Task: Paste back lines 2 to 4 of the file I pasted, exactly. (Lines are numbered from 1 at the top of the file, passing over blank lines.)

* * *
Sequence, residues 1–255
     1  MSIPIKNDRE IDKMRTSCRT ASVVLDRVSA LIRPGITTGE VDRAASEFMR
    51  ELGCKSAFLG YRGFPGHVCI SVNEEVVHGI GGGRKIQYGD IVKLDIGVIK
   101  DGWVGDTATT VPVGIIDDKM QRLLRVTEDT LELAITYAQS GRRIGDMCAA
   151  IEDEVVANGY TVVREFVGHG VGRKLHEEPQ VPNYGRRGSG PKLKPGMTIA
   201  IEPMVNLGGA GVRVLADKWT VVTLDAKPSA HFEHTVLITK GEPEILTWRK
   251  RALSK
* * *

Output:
     1  MSIPIKNDRE IDKMRTSCRT ASVVLDRVSA LIRPGITTGE VDRAASEFMR
    51  ELGCKSAFLG YRGFPGHVCI SVNEEVVHGI GGGRKIQYGD IVKLDIGVIK
   101  DGWVGDTATT VPVGIIDDKM QRLLRVTEDT LELAITYAQS GRRIGDMCAA